posted by T.J. Elliott
In my own biography, allusions to 35 years away from active work in the theater receive comic treatment: “In those lost years, T.J. produced, directed, and performed among casts of thousands in a mélange of corporate telenovelas and tragic, comic, melodramatic, and semi-absurd organizational performance art.” But as Sigmund Freud pointed out jokes even self-deprecating ones like the above example can camouflage what is very serious in our lives. Freud noted in what had to be one of his lighter moments that “our enjoyment of a joke is based on a combined impression of its substance and of its effectiveness as a joke.” The effectiveness is not just getting people to laugh, but also at times a way for handling something that was uncomfortable or even painful.
In my case, I missed theater terribly, and explaining more than three decades away from it remains slightly difficult. The good news is that all of that earlier theatrical career — writing, performing, producing, directing, pitching, — proved enormously useful in my succession of straight jobs. In a wonderful example of consilience, a concept first introduced to me by EO Wilson of Harvard, a great deal of what I learned in those years of ‘semi-absurd organizational performance art’ enriched my subsequent playwrighting and indeed my understanding (limited though it remains) of how the world works.
I read and learned a great deal about the way the world works: everything from adult development to adult learning, from knowledge management to project management, from leadership to followership, from neural networks to social networks. From that latter domain, academic papers like this one about the concept known as the Strength of Weak Ties introduced by Mark Granovetter proved useful in those corporations and they prove useful today in trying to #maketheaterlive, which is our motto at Knowledge Workings.
Atticus Cain, who plays Mosiah Wilson in our upcoming production of Genealogy at Broom Street Theater opening next Friday, November 5, could serve as a textbook illustration of Granovetter’s points about how the weak ties in our network, the friends of friends of friends if you will, may prove more valuable to us than our immediate circle in many circumstances.
Ed Altman, who first worked with Knowledge Workings in Grudges when that Queenan-Elliott drama went up live on Zoom in May through July 2020, was in another streamed theater piece that summer, The Statement, hosted by Theater for the New City. Ed invited me to see the piece and that was where I first viewed Atticus. Thus, when I was casting my solo playwrighting effort, Keeping Right, for its live Zoom performances in December, Ed recommended Atticus to me for the part of Sven McManus. Perfect. This kind of connection happens all the time in every type of work, but in theater where the usual structures of workplaces are not available or do not apply being introduced to a powerful actor whom you otherwise would not know is a kind of mighty grace. You’re not sure how it works, but you’re awfully glad that it does work is often as evidenced. As Jeffrey Rush famously pronounced in Shakespeare In Love, “It’s a mystery.”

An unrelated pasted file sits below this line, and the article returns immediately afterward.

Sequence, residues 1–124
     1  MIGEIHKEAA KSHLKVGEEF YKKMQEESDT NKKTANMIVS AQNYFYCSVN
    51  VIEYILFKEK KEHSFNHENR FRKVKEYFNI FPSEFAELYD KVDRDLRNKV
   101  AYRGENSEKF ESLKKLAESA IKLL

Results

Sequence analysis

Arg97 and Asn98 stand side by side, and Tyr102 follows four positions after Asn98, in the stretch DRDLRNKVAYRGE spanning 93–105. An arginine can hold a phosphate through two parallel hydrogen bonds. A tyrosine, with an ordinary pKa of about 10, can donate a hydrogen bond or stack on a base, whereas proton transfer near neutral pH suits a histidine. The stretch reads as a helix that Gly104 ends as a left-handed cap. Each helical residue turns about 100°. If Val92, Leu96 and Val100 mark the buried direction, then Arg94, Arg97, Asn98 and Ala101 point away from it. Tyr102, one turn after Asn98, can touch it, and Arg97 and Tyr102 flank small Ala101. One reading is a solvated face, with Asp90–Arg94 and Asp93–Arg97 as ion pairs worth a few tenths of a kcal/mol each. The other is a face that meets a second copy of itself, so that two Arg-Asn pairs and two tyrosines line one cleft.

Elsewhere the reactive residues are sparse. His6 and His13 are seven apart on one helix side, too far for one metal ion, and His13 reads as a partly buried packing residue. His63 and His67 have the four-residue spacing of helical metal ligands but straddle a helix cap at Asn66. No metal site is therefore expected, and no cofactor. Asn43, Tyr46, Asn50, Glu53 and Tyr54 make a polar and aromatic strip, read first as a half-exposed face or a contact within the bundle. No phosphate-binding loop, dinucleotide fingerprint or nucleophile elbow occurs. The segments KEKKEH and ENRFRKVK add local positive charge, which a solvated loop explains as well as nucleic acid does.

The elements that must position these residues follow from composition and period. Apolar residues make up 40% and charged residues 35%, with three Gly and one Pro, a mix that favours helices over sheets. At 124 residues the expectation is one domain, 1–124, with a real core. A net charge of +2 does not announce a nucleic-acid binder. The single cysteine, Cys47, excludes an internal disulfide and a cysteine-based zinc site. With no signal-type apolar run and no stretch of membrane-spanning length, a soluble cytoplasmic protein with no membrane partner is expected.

And while we are offering quotes, this one that appeared at the end of Atticus’ bio seems also apt: “I am a series of small victories and large defeats and I am as amazed as any other that I have gotten from there to here” – Charles Bukowski. We are amazed as well and feeling very lucky yet again.
And as to the getting “from there to here”: Atticus Cain was born in Memphis, Tennessee, raised in part in Kalamazoo, Michigan, with his loving grandparents. Atticus lived in a total of thirty-five states while growing up. When he was recruited to substitute for a fellow student in a play, acting arrived in his life. After graduating, he advanced to local theater, appearing in plays ranging from Shakespeare to Guare until he moved to Pittsburgh in 1995. Cain resumed acting with a cameo role on the CBS series The Guardian (2002). Since then, he has performed stage and screen roles in multiple cities, including Chicago, Pittsburgh, and New York, Productions include the aforementioned Keeping Right (2020), Wrong Number (2003), and The Stranger (2004) and his own self-written short feature, Opposition. Some of his favorite roles are Sgt. Waters in A Soldier’s Play by Charles Fuller, Dr. George Washington Carver, in Carver at Tuskegee by Kyle Bass, Alan Beaumont in Deadline, and Dr. Jacob Carter in the original web series Dark Therapy, the story of a therapist who treats supernatural monsters…and a few human ones too. Atticus completed conservatory training in July 2017 at the acclaimed Atlantic Acting school.
Very soon, we will post the link to the November 19th live YouTube stream of Genealogy benefitting Broom Street Theater. With that welcome addition, everyone will get to see how strong our weak ties can be.